President Vladimir V. Putin of Russia has met with the former chief of staff of the Wagner group, the Kremlin said Friday, in a further sign that Moscow is working to assume control of what remains of the private military force after the death of its leader in a plane crash.
Mr. Putin assigned the former chief of staff, Andrei N. Troshev, with the task of forming volunteer units to perform combat missions for Russia’s war in Ukraine, according to a video clip of the Thursday evening meeting that the Kremlin published on Friday.
Without referring to Wagner by name, Mr. Putin added that Mr. Troshev “fought in such a unit for more than a year” and knows “how it’s done.” The mercenary group was a major force behind Russia’s battle for Bakhmut in eastern Ukraine, and Mr. Putin’s televised meeting appeared designed to broadcast publicly the Kremlin’s aims of building successors to Wagner that would come under the government’s direct control.
Wagner fighters, some of whom were recruited from prisons in Russia, were considered “volunteers” in the war with Ukraine until June, when the Defense Ministry moved to integrate them into the broader military — which would have reduced the power of the group’s former leader Yevgeny V. Prigozhin. Soon after, Mr. Prigozhin launched a failed mutiny against Russian leadership.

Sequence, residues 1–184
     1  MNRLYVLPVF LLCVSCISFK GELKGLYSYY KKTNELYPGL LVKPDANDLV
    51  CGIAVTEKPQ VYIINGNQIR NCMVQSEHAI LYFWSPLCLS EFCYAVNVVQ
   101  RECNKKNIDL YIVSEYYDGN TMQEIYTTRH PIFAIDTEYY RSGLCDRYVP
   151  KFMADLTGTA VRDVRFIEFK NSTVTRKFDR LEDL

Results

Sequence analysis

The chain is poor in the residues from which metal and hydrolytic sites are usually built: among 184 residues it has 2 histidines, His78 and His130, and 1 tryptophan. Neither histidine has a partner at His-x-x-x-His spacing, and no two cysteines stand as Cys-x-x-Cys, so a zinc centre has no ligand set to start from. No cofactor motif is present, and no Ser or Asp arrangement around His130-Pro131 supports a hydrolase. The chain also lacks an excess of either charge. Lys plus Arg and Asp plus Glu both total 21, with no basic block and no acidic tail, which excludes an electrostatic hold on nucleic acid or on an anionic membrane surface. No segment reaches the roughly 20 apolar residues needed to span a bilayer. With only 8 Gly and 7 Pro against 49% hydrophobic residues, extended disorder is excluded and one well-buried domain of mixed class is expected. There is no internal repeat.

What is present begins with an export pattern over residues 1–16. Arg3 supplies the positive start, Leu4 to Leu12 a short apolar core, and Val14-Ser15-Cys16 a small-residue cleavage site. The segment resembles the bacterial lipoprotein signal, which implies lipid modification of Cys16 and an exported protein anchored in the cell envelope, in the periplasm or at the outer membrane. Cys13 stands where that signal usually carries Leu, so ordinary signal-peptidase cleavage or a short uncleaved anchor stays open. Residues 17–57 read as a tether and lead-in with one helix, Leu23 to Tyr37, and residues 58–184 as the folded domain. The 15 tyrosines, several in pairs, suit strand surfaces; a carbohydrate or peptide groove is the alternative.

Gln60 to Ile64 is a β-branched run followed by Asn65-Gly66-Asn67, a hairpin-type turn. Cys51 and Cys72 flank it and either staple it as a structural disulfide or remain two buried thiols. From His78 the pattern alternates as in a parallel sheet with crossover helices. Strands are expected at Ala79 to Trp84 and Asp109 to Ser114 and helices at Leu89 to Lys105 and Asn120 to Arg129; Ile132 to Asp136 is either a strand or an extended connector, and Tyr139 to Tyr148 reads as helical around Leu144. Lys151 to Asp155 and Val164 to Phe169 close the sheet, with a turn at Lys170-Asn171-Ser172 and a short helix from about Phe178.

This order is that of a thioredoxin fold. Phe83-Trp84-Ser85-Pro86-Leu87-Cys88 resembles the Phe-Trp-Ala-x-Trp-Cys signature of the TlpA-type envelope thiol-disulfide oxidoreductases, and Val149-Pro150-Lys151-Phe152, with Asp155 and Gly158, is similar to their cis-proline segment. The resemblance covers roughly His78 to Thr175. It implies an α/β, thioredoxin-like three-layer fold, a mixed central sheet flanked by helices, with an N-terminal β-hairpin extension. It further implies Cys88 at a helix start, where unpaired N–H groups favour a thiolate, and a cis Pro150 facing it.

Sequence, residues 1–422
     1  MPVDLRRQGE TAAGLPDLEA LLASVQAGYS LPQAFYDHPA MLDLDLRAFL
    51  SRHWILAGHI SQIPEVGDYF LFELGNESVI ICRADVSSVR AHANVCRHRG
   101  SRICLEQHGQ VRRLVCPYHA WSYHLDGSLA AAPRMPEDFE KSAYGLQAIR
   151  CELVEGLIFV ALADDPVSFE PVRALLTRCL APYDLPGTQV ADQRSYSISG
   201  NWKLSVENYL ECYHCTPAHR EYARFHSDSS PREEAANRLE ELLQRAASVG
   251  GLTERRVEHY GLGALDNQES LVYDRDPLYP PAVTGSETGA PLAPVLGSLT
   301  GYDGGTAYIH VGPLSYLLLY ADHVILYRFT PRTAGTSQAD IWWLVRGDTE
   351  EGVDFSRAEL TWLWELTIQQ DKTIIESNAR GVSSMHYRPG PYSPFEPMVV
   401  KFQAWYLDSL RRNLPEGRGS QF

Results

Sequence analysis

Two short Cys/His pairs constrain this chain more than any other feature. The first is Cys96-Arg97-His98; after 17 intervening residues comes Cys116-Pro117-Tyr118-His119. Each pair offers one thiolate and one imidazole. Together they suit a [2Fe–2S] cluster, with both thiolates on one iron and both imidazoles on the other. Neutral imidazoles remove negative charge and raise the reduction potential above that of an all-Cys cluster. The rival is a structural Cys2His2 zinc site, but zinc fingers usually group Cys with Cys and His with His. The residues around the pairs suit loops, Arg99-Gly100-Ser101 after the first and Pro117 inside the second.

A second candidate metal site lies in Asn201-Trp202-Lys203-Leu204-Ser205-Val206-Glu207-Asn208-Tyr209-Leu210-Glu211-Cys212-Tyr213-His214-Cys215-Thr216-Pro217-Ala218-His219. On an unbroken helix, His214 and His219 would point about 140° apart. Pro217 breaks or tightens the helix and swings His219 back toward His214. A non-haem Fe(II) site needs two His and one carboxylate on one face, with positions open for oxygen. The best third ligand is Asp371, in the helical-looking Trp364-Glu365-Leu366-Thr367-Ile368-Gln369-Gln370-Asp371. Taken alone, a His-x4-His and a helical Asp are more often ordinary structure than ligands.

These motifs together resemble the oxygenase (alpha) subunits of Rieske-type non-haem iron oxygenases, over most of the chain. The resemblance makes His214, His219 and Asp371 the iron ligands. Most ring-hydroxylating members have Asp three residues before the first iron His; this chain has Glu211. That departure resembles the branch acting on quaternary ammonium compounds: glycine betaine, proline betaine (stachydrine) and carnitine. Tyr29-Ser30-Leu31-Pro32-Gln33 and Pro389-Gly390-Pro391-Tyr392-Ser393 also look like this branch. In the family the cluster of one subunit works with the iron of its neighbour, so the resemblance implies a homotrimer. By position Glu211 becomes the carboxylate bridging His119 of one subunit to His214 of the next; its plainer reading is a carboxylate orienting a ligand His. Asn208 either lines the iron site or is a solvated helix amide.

Since the mutiny and Mr. Prigozhin’s death in August, the fate of Wagner has been unclear, though U.S. officials have said the Kremlin believes the group’s military prowess, experienced operators and ties to African governments are too valuable to give up. Mr. Putin signaled as much in his meeting with Mr. Troshev, telling him that state-sponsored support measures for veterans of the fight in Ukraine were also available to members of volunteer groups that fought there.
“Regardless of the status of the person who performs or has performed combat missions, social guarantees must be absolutely the same for everyone,” Mr. Putin said.
In the wake of the mutiny, some Wagner mercenaries had relocated to Belarus as part of a deal mediated by that country’s leader. A Ukrainian official said earlier this week that about 500 of them had returned to the front lines in eastern Ukraine after negotiating contracts with the Defense Ministry. The claim could not be independently verified.
Officials have told The New York Times that some soldiers within the company remained loyal to Mr. Prigozhin even after his death and the shuttering of the group, and did not want to be subsumed into Russia’s Defense Ministry.
Despite being a founding member of Wagner, Mr. Troshev appears to have come under the Kremlin’s wing. In July, Mr. Putin had suggested that Mr. Troshev, who is perceived as a more compliant deputy than Mr. Prigozhin, should become the new leader of Wagner.
Mr. Troshev is a veteran of wars in Afghanistan and Chechnya who uses the call sign “Sedoi,” or “Gray-haired.” According to European and United Kingdom sanctions documents, he provided “a crucial contribution to Bashar al-Assad’s war effort” and “repressed the civilian population in Syria.”
On Friday, the Kremlin spokesman, Dmitri S. Peskov, told RIA, a state media outlet, that Mr. Troshev already holds a position within the Defense Ministry.
Anton Troianovski contributed reporting.